October 10, 2016
How Brexit will effect U.S. Businesses
The United Kingdom’s controversial referendum and impending withdrawal from the European Union (commonly referred to as Brexit) caused shockwaves around the world. Ushering in turbulence and volatility in the European marketplace, the British exit will carry economic implications well across the pond, affecting U.S. businesses large and small.
As reported by CNN.com, Janet Yellen, chief of the U.S. Central Bank and a top monetary policy setting official, warned that Brexit “would negatively affect financial conditions and the U.S. economy.” And however dire that proclamation may be, small businesses in the U.S. may find that there are some positive effects among Brexit’s negative.
- Businesses may anticipate a brain drain from the United Kingdom whereby educated professionals move to the U.S. in order to pursue their careers. This influx of Brits would result in a more competitive labor market, creating opportunities for U.S. businesses to hire top talent.
- Due to higher risk and lower interest rates, more money from Europe will be invested in the U.S. market. Businesses may be wise to seek out foreign capital or investment for their business.
- The E.U. may relax some of the strong regulations that prompted the U.K.’s exit after similar campaigns for referendums have begun cropping up from politicians in other European countries. Decreased regulations may allow U.S. businesses that were previously unable to participate in the E.U. marketplace, opening a new population of European consumers to their products.
- As would be the case with an influx to the talent pool, the competition in many different niches for U.S. businesses may increase as British business owners seek to move operations.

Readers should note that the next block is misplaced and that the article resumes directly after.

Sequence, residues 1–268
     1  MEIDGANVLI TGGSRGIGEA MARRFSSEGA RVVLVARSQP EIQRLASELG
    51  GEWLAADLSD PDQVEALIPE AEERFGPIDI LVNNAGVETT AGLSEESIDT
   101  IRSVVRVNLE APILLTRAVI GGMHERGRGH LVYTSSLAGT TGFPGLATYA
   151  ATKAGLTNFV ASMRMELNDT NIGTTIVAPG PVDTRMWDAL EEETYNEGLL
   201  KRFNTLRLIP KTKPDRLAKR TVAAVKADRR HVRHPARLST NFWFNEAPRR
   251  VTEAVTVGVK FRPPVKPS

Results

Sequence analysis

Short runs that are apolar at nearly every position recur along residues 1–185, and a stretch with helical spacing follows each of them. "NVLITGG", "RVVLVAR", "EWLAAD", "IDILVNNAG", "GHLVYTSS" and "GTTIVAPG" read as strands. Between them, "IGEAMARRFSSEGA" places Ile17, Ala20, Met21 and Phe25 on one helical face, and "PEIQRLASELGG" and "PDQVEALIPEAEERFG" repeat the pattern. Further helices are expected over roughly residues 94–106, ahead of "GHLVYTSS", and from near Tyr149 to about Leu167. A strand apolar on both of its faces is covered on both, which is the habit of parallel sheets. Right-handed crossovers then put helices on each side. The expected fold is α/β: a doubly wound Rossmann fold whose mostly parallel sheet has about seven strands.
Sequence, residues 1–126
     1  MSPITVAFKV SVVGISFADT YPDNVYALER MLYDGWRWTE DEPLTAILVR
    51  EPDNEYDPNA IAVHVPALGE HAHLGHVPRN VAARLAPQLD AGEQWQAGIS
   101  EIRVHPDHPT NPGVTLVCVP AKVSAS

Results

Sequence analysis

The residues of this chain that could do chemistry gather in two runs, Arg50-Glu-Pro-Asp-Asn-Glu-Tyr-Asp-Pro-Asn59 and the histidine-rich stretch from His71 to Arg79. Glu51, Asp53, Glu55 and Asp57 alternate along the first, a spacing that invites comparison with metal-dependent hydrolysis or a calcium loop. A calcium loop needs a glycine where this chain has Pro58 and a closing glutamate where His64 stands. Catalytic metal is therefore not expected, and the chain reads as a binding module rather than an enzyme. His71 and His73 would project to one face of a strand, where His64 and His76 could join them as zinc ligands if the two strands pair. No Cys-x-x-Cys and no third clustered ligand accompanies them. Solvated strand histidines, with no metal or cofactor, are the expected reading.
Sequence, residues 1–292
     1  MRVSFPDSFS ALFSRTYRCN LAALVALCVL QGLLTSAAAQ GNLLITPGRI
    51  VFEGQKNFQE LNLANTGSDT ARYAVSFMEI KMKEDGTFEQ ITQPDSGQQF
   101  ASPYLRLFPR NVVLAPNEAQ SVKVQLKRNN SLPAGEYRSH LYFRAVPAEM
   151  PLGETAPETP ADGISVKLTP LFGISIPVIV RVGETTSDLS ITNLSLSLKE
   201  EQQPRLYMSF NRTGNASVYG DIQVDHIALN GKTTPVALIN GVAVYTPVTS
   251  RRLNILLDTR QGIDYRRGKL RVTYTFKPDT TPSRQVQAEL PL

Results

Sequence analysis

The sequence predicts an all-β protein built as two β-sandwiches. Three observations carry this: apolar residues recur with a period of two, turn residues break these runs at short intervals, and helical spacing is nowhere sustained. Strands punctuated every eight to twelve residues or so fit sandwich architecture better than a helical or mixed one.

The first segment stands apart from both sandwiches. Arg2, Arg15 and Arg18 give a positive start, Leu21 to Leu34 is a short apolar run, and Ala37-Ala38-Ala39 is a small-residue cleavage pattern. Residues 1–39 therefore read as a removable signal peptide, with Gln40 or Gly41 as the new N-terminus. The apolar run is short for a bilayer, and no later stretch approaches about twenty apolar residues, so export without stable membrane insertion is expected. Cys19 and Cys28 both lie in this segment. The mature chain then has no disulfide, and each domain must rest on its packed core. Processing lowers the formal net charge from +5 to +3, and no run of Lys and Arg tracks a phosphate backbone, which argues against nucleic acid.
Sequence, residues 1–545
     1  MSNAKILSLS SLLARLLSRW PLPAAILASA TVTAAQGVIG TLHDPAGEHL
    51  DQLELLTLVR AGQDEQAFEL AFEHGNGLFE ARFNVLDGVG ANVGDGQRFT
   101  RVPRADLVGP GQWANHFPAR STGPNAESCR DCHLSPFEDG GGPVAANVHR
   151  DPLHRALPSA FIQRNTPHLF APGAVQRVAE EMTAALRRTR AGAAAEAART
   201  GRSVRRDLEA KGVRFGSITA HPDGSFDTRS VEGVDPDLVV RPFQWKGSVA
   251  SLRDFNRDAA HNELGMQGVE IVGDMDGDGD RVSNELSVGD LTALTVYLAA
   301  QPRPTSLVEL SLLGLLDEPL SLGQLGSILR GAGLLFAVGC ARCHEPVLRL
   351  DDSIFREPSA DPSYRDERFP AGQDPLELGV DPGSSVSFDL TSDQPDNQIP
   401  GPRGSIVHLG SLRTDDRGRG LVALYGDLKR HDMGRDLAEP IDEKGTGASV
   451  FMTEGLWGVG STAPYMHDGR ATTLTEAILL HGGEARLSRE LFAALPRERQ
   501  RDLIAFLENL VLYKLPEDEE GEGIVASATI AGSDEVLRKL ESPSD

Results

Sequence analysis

- According to Willie Schuette of The JL Smith Group, should the duplication of the U.K.’s current trade deals not occur, small businesses may be forced to “separate European distribution; meaning lower margins and higher shipping costs.” Further, contractual agreements “will be impacted” as “new rules, agreements and laws” are rewritten.
- Small businesses have to adjust plans to account for long-term uncertainty regarding the actual effects of Brexit, which could take up to two years to finalize. Jeff Stibel, Vice Chairman of Dunn & Bradstreet, described how businesses typically operate well in good economic times and have created back-up plans so that they may survive the tough ones, however “[businesses] are uniformly bad at operating in times of uncertainty.”
- The British pound has fallen after Brexit, while the U.S. dollar rallied. Although a strong dollar is good for American travelers, it will cause U.S. products sold overseas by businesses to be more expensive, and thereby less attractive to consumers.